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China now has an elite league of ‘red’ universities

North Gate of Central China Normal University. ( Doraemon.tvb/Wikimedia Commons)
March 31, 2019

This article was originally published by Radio Free Asia and is reprinted with permission.

Nine universities with impeccable links to the ruling Chinese Communist Party have formed a new league to nurture the next generation of elite ‘red’ talent, state media reported.

Initiated by the Beijing Institute of Technology, the Yanhe Alliance has been joined by Renmin University, the Agricultural University of China and the Beijing Foreign Studies University, which trains people for careers in diplomacy.

The Central Conservatory of Music, Central Academy of Fine Arts, Central Academy of Drama, Central University for Nationalities and Yan’an University have joined the league, which references the Yan’an period of Chinese communism (1936-1949), when the party set up nine universities and training institutions for the next generation of Chinese officials and leaders.

“Those nine institutions spread the sparks of revolution across the whole country, starting a prairie fire,” the Beijing Institute of Technology said in a statement published on’s education channel.

“Today, we come together once more to form a community to keep the spirit of Yan’an and the flame of communism alive, and to train the next generation,” it said.

But commentators said the universities are more likely to be cashing in on the power of Yan’an in Communist Party mythology.

“They want to perpetuate this red DNA,” independent scholar Zha Jianguo said. “Everything in mainland China is being partified now, including the education system.”

“These nine institutions are likely just the start,” he said. “This partification is aimed at freedom of education; it will set limits and forbidden areas to free thought among students.”

Zha said the only task of a higher education institution should be to educate people.

“Higher education colleges should have freedom of thought, in all areas,” he said. “The people they train should also be capable of thinking freely, and being creative.”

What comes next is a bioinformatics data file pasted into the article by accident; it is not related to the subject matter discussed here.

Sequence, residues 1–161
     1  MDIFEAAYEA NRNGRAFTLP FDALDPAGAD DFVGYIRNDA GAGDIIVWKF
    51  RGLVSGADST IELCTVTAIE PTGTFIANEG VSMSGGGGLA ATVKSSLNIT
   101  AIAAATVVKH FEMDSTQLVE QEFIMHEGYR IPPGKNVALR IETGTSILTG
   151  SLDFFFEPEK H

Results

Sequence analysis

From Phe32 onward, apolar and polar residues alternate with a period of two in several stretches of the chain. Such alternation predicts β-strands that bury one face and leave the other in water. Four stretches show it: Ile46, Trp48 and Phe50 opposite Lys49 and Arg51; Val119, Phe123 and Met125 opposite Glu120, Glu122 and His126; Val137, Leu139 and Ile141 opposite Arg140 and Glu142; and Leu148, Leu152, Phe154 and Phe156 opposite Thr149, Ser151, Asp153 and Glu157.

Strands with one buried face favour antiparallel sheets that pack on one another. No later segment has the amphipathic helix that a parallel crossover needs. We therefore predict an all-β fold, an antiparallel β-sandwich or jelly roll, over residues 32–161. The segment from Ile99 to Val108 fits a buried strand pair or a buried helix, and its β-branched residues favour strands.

“But this partification process will restrict and imprison that process on a massive scale,” he said. “It will also affect China’s ability to nurture talent and to modernize.”

‘Red DNA’

The “red DNA” metaphor is described by Baidu’s encyclopedia as the “heritage of revolutionary spirit, with red symbolizing light and cohesive strength.”

“The concept of “red DNA” is the spiritual core of Chinese communism,” it said.

Independent Chengdu writer Tan Zuoren said he thought the report was a joke, at first.

“I actually thought this was a spoof,” Tan said. “But now I believe it exists.”

“It makes me think of Tan Lifu and Yu Luoke [whose speech] indicated the start and the end of the Cultural Revolution [1966-1976].”

“This is distorted and ugly behavior on the part of these people, who are driven by the desire for power,” Tan said of the Yanhe League.

Tan Lifu’s 1966 couplet espoused the genetic theory of revolutionary pedigree, claiming that “If the father was a hero, the son will be too. If the father is a reactionary bastard, then so is the son.”

Yu Luoke was executed on March 5, 1970 for speaking out against the family inheritance of revolutionary credentials that condemned anyone related to a “class enemy” to the same status, regardless of their actions.

Since taking office in 2012, Xi Jinping has tightened ideological controls over all aspects of society, including universities, colleges, and schools.

His approach stems from a 2013 article titled “Improving Ideological and Political Work Among Young Teachers in Colleges and Universities,” and from Xi’s reiteration of the “Seven Taboos”: topics that mustn’t be discussed in public by servants of the state, including teachers.

The seven banned topics are: universal values of human rights and democratic, constitutional government; press freedom; civil society; citizens’ rights; the historical mistakes of the Chinese Communist Party; the financial and political elite; and judicial independence.

Reported by Qiao Long for RFA’s Mandarin Service. Translated and edited by Luisetta Mudie.